Don't mock it until you've tried it! I consider it the single most innovative setup I've encountered in a long, long time.

    Concerning rigid forks, I agree with you, hbrogan: this thing has a rusted out junk fork on it that still gets about 2" travel, and the benefit of the comfort and control that 2" gives more than outweighs any perceived benefit of efficiency, IMO. I have another commute bike with a rigid fork, and I really wonder how people get around without at least a suspended fork? They must ride in cities where the roads are freshly paved, every summer!

    This bike is pretty ugly looking, but for the salted roads where I am it's still my trusty, ugly, don't-bother-stealing-this-one commuter. Runs great!
    Attached Thumbnails Attached Thumbnails Any Suggestions???-picture-067-large-.jpg  

    Any Suggestions???-picture-068-large-.jpg  

    Last edited by Tim Blabbing; 03-03-2011 at 02:55 PM.

  7. #7
    hbrogan57
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    Quote Originally Posted by Tim Blabbing
    O.k., here are some pics!

    Don't mock it until you've tried it! I consider it the single most innovative setup I've encountered in a long, long time.

    Concerning rigid forks, I agree with you, hbrogan: this thing has a rusted out junk fork on it that still gets about 2" travel, and the benefit of the comfort and control that 2" gives more than outweighs any perceived benefit of efficiency, IMO. I have another commute bike with a rigid fork, and I really wonder how people get around without at least a suspended fork? They must ride in cities where the roads are freshly paved, every summer!

    This bike is pretty ugly looking, but for the salted roads where I am it's still my trusty, ugly, don't-bother-stealing-this-one commuter. Runs great!
    Looks good and it also looks like it's been well used!!!! Doesn't matter WHAT it looks like as long as YOU are happy with it!!!!

    I just might try that bar-end idea and see what happens. Looks interesting to say the least.

    I also added these for evening rides. REALLY cheap and easy to install. Available at almost any auto parts store. Just have to make sure you get the ones with a "demonstration" button and convert that over to a toggle switch.
    Attached Thumbnails Attached Thumbnails Any Suggestions???-dsc05450-1.jpg  

    Any Suggestions???-dsc05452-1-1.jpg  


  8. #8
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    Oh, by the way, got your pics of those leds. Wow, those are pretty trick. It seems you could mount those pretty much anywhere on a bike. Where's the battery pack, though?

  9. #9
    hbrogan57
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    Quote Originally Posted by Tim Blabbing
    Oh, by the way, got your pics of those leds. Wow, those are pretty trick. It seems you could mount those pretty much anywhere on a bike. Where's the battery pack, though?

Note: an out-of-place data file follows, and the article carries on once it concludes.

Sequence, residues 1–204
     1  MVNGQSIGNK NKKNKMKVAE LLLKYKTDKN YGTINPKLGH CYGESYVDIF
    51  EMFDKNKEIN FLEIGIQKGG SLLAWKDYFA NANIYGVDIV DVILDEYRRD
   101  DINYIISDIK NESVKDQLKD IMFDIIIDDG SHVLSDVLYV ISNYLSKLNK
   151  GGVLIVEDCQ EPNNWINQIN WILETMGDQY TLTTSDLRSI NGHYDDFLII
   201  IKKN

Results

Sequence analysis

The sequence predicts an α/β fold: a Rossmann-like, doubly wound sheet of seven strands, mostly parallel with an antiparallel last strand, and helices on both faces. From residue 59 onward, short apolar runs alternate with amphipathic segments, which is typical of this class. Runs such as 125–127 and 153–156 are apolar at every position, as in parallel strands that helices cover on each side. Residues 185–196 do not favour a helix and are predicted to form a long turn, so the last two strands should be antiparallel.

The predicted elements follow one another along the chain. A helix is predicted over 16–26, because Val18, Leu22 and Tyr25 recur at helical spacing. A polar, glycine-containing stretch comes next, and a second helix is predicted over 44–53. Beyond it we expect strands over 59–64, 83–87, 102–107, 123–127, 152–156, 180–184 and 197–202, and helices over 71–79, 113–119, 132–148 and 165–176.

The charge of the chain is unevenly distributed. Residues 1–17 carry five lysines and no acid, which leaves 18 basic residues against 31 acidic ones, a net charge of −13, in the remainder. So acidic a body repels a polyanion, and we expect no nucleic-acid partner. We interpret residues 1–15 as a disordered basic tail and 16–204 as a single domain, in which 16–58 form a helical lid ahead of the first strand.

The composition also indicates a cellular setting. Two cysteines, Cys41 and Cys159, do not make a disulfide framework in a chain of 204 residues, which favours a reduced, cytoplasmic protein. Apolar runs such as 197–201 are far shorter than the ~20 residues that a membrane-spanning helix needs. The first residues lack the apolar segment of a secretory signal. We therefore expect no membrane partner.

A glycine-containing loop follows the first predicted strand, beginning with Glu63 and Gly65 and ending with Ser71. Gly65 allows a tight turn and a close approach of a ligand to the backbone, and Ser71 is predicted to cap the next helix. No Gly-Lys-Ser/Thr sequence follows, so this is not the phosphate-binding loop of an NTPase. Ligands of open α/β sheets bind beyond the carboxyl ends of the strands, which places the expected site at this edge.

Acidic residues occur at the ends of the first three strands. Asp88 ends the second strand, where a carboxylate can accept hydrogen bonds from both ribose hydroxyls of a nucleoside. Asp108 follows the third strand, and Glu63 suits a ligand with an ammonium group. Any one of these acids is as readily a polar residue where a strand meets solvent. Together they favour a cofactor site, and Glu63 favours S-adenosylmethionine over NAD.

Right now the pack is taped right with the toggle switch and zip tied to the handle bar. These are the flexible ones and work quite well with the subtle curves on a bike. And they are amazingly bright too. Going to try and get some evening shots to see the difference.

  10. #10
    Fat-tired Roadie
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    Quote Originally Posted by Tim Blabbing
    Concerning rigid forks, I agree with you, hbrogan: this thing has a rusted out junk fork on it that still gets about 2" travel, and the benefit of the comfort and control that 2" gives more than outweighs any perceived benefit of efficiency, IMO. I have another commute bike with a rigid fork, and I really wonder how people get around without at least a suspended fork? They must ride in cities where the roads are freshly paved, every summer!
    And yet, somehow I manage on a pretty traditional road bike. I do have to pay a little more attention to line selection, but it's fine on rough roads and even the occasional foray onto dirt and gravel. I appreciate having something that handles and climbs like a road bike the rest of the time.
    "Don't buy upgrades; ride up grades." -Eddy Merckx

  11. #11
    Class Clown
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    nice lights!

  12. #12
    hbrogan57
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    Quote Originally Posted by dundundata
    nice lights!
    THANKS!!

  13. #13
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    if that's a 29-er (looks like one to me)... you can run 700x35 tires (or larger of course) on the wheel.

  14. #14
    hbrogan57
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    Quote Originally Posted by tednugent
    if that's a 29-er (looks like one to me)... you can run 700x35 tires (or larger of course) on the wheel.
    Actually they are 26 X 2.00

  15. #15
    Yes, that's fonetic
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    I have suggestion. Stop posting like an idiot (example) and then deleting all your posts. You've showed your true colors now and we all know what a nutjob you really are.